When lowering a car on lowering springs or coilover sleeves (any lowering without a matched shock/strut provided by the spring manufacturer), should I also try to source a shorter length shock?

Seems like going with an OEM replacement would result in a shock that's always in an already-compressed state, and therefore less functional than a shock permitted to move through the full range.

But maybe I'm overthinking this. A shorter shock probably has a shorter stroke length, too, which may make the difference between the two negligible.

Is there a best practice here? Recently came up because of a lack of off-the-shelf options for my project car.

1 Answer 1


The short answer is, it depends. Most spring manufacturers will specify if their springs are designed to work with OEM or uprated shock absorbers. For example on my old VW Bora, I fitted a set of H&R -35mm lowering springs specifically because they were the only ones I could find that were TUV approved for use with standard shocks.

You may also find that certain spring setups work better with shortened (polybush, etc) bump stops. It's also possible to switch out components such as top-mounts with more appropriate items.

Your best bet is to speak to resellers or manufacturers and ask them directly. The rule of thumb is that more extreme amounts of lowering will almost certainly require replacements of the shockers with performance units.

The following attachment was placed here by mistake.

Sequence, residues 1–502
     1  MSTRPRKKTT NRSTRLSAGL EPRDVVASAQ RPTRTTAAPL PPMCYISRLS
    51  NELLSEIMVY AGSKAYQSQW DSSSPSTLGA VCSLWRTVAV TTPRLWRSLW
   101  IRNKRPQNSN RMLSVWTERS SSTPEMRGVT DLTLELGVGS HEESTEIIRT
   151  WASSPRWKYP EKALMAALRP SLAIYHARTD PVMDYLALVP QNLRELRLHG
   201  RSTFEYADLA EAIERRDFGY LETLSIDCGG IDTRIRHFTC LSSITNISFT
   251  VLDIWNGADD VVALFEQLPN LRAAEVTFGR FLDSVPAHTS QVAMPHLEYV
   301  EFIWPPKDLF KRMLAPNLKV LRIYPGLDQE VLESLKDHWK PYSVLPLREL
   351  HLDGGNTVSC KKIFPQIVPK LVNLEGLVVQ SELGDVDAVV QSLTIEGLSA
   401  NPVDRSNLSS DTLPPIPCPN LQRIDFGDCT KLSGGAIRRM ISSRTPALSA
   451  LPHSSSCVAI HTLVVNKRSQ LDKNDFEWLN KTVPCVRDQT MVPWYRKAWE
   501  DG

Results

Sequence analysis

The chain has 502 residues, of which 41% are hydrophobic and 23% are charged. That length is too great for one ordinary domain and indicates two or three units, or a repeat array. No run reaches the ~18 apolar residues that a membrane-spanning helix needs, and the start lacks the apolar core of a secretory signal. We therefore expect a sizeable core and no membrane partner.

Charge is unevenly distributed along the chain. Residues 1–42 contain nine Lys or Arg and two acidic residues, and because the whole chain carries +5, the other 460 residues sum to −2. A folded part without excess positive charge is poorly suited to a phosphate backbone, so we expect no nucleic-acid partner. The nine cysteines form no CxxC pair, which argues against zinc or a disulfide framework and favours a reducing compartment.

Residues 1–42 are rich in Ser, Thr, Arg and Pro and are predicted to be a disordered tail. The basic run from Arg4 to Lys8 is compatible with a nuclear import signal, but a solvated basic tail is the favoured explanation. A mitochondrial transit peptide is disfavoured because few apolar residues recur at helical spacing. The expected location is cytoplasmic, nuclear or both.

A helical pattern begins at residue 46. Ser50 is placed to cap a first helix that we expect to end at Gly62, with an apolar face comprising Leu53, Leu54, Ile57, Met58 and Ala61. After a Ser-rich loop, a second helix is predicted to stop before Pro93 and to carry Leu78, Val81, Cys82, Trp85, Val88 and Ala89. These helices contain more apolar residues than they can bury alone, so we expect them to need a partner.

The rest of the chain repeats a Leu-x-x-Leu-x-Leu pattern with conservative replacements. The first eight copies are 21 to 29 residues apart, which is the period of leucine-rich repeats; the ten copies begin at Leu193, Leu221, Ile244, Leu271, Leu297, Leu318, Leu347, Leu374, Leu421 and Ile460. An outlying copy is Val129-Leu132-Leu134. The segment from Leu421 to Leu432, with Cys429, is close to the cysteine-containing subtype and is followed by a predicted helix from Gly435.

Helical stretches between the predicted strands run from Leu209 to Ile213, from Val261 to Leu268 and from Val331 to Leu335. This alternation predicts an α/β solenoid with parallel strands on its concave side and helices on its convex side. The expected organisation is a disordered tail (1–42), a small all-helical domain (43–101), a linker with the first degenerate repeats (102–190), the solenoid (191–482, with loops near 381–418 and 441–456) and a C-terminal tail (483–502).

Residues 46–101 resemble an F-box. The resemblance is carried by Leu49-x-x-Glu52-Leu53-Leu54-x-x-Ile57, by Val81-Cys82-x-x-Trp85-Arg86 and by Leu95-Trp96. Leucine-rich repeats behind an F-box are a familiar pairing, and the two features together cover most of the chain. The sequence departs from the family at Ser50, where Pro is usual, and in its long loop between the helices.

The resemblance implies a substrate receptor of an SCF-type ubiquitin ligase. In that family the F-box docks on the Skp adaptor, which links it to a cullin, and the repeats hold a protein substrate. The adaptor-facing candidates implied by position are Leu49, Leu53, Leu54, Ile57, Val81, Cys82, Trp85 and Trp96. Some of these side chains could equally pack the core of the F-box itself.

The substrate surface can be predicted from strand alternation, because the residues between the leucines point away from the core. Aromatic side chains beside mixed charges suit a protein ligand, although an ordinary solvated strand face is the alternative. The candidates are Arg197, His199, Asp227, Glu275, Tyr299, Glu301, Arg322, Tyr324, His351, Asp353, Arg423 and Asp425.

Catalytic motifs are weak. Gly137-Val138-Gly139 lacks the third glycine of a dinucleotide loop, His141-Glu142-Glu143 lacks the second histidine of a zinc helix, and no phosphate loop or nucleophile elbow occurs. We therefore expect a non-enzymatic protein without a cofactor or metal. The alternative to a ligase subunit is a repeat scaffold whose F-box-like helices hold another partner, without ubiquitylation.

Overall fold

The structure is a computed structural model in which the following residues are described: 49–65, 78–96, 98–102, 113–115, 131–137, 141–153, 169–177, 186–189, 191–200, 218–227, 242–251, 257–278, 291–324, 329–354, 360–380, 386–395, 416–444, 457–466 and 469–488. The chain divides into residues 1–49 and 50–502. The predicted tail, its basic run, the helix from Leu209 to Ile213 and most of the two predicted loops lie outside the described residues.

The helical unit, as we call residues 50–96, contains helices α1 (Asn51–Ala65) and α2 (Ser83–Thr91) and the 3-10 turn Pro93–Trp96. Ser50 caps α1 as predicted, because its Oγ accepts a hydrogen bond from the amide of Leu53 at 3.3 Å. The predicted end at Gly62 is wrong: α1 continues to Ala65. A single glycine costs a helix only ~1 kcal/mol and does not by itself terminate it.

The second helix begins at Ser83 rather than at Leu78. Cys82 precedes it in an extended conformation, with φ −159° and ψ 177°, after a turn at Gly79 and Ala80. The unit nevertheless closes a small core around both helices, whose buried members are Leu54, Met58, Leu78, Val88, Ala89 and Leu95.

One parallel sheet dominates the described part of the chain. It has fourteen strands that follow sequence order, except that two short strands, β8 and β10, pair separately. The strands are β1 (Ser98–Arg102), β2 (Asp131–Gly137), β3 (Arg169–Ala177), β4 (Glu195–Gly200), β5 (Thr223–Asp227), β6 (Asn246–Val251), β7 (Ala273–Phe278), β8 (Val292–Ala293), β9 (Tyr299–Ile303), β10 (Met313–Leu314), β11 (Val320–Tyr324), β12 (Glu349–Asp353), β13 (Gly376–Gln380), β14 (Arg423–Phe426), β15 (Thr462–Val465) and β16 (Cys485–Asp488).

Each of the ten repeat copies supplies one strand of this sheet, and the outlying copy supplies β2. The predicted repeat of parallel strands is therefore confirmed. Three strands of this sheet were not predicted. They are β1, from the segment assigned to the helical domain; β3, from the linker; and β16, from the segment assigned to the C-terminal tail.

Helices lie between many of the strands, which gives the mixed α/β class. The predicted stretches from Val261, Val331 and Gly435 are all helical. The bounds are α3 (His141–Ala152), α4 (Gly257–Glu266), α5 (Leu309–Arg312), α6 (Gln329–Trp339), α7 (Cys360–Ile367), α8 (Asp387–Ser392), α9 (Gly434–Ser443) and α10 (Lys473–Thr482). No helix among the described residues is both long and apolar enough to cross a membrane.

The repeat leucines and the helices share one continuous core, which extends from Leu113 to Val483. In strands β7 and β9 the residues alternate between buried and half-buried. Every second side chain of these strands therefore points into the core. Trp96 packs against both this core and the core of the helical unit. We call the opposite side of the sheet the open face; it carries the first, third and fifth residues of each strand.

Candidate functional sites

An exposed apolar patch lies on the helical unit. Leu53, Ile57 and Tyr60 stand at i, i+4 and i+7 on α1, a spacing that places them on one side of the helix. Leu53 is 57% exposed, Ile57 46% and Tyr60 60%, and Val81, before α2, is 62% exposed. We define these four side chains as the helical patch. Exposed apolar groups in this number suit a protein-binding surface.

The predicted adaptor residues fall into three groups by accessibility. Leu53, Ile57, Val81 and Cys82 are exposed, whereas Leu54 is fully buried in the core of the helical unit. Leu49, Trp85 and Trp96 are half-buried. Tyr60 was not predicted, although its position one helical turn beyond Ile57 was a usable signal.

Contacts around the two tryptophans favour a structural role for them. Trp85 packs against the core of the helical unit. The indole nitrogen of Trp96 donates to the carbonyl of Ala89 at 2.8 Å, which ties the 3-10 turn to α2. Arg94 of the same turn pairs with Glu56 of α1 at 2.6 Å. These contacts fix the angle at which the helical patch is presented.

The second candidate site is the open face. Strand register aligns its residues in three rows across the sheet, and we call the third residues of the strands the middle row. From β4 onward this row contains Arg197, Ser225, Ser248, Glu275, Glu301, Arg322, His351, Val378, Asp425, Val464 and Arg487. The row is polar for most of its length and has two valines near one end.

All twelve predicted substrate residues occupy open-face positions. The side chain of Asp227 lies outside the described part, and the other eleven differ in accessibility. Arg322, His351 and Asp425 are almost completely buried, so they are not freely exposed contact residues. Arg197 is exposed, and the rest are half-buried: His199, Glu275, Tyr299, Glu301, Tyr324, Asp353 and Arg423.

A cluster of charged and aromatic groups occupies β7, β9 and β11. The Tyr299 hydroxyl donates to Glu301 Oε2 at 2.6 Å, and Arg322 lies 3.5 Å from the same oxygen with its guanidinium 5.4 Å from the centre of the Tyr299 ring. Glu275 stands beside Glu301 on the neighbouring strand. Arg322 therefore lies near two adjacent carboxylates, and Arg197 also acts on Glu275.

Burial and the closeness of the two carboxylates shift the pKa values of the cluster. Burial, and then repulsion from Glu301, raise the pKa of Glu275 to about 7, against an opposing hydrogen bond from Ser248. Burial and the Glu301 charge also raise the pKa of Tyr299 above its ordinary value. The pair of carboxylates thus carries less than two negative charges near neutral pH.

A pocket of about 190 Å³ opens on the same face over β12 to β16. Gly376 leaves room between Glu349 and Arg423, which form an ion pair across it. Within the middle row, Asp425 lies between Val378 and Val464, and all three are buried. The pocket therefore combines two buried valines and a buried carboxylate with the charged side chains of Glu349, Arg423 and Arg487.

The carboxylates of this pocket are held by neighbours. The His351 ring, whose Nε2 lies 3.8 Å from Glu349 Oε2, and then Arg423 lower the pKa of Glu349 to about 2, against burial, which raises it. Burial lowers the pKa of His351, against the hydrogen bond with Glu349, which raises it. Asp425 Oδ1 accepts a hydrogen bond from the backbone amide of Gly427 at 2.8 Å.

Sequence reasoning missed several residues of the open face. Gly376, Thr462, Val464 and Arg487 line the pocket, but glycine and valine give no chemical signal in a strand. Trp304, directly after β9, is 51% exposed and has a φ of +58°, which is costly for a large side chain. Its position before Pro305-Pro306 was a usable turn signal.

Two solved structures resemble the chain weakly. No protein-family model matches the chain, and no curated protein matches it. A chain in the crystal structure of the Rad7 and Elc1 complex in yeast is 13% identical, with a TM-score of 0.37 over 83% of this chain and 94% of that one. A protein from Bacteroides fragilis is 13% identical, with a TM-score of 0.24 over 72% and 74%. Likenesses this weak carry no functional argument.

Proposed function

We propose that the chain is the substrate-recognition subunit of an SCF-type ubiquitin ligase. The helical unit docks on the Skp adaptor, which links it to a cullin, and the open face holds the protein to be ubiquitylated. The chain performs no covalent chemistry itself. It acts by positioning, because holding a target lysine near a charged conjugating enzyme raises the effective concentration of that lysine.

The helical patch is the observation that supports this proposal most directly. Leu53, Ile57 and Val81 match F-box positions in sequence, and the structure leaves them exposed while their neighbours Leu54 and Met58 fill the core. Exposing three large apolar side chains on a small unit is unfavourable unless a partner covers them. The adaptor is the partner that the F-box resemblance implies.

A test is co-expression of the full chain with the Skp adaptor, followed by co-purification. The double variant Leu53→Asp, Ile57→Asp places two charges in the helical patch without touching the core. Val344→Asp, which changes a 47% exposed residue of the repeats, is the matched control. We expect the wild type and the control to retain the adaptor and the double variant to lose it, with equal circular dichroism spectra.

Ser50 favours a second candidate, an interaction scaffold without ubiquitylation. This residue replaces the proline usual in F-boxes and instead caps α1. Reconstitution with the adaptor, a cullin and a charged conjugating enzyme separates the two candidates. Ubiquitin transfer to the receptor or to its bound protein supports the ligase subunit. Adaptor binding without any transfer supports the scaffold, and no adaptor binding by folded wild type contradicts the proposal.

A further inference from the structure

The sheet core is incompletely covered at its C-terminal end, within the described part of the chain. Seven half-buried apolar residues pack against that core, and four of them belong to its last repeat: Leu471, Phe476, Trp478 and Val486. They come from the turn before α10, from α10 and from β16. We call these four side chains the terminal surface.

• 1
    It's also worth noting that you should not get a shock where the maximum extended length of the shock exceeds the fully uncompressed state of the spring. In such a case, whenever the suspension is completely unloaded (either over a really big bump or on a lift), it would be possible to unseat or even lose the spring, which would be disastrous. May 31, 2019 at 14:20
  • That makes a lot of sense. I did notice just now on the Eibach site that there are comments along the lines of "tested with factory dampers." I'll have to figure out what I want and then just ask the manufacturer. Also, @Kitsunemimi, that's a great tip. I had been wondering about that, and couldn't wrap my head around which (spring or shock) couldn't exceed the length of the other. Thanks!
    – 8bitartist
    Jun 1, 2019 at 6:44

You must log in to answer this question.

Not the answer you're looking for? Browse other questions tagged .